Breast Cancer News
In this section, access cutting-edge news about newly diagnosed breast cancer including treatment updates, emerging therapies, study results and other medical and quality-of-life issues important to you.
CHICAGO (Reuters) - Regulators are moving the goal posts in testing new drugs for breast cancer in the hopes of giving more women with aggressive, early-stage cancers the chance to try breakthrough drugs while they have the best shot at a cure.
NEW YORK (Reuters Health) - Women who got seed radiation as part of their breast cancer treatment were more likely to have an infection or breast pain than those who were treated with whole-breast irradiation, in a new study.
NEW YORK (Reuters Health) - Women who have early breast tumors surgically removed may often go through repeat mammograms and invasive procedures for years afterward, a new study finds.
Learn about results from two studies that showing the effectiveness of trastuzumab (Herceptin) or trastuzumab plus lapatinib (Tykerb) given with chemotherapy before surgery in early-stage and locally advanced HER2 positive breast cancer.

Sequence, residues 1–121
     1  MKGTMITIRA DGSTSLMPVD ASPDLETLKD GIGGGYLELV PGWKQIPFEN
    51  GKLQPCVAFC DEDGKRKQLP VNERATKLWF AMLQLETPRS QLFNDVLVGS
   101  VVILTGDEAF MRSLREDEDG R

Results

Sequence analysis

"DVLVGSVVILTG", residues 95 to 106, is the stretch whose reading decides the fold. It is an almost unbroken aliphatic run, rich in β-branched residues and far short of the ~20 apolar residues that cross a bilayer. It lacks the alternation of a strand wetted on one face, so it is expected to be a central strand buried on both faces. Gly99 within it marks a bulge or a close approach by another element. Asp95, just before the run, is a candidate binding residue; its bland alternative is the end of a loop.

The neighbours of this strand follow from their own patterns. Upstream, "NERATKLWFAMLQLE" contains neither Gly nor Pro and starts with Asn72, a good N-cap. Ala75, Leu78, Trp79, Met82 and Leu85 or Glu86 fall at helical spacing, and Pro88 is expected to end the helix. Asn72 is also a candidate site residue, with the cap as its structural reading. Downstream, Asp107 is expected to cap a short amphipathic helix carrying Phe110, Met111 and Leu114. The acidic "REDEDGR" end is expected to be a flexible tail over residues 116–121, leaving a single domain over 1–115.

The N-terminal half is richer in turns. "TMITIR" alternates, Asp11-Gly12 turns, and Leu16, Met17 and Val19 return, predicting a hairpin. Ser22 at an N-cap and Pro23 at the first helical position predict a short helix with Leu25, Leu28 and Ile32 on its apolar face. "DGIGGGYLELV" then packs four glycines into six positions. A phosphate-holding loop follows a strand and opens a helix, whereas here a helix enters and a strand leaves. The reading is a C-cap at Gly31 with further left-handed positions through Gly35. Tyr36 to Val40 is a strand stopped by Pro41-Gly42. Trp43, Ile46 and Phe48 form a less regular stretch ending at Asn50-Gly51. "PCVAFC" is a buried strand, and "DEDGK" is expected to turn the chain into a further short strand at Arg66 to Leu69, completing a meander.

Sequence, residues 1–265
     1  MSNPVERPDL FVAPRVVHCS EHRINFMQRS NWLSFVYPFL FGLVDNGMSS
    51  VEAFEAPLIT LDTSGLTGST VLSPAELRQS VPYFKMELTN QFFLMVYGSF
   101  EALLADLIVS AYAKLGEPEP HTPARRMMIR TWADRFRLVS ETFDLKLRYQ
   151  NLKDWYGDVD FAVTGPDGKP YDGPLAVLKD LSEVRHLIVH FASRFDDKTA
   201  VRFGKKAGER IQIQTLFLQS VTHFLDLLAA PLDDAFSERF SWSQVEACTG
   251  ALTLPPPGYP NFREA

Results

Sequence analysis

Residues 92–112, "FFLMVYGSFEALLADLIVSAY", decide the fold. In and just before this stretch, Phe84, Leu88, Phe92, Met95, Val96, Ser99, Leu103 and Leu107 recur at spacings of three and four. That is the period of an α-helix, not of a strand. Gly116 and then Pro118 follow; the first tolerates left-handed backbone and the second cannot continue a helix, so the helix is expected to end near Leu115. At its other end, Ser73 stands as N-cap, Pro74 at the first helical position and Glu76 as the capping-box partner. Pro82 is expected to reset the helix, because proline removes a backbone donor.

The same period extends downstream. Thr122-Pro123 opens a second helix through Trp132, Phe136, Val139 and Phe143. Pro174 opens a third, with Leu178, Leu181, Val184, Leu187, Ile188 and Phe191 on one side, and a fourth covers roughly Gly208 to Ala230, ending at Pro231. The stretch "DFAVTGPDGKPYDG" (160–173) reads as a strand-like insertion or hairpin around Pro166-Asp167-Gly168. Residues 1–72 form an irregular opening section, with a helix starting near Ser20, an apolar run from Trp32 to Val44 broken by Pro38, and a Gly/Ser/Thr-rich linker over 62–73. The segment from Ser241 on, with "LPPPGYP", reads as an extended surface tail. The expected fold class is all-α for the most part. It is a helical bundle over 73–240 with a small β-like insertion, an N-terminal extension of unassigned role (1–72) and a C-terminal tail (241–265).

NEW YORK (Reuters Health) - Some elderly women with early-stage breast cancer may be getting extra treatment that does them little good but comes with costs and possible side effects, according to a new study.
NEW YORK (Reuters Health) - Women on chemotherapy for breast cancer may have tiny memory and thinking impairments compared with cancer-free women more than 20 years after their treatment, Dutch researchers have found.
(Reuters) - AstraZeneca Plc is selling breast cancer drug Arimidex directly to U.S. patients, offering an option for people who want to pay for the brand instead of generic versions.
Women 65 and older are less likely to survive breast cancer than their younger counterparts, two recent studies suggest.
NEW YORK (Reuters Health) - About two-thirds of women diagnosed with early stage breast cancer want to take part in making decisions about their treatment, according to a new survey of patients from five different countries.
NEW YORK (Reuters Health) - One in four women who have breast-conserving surgery for cancer needs a second operation to remove more breast tissue, suggests a new study that also found the rate of re-operation varied widely by surgeon.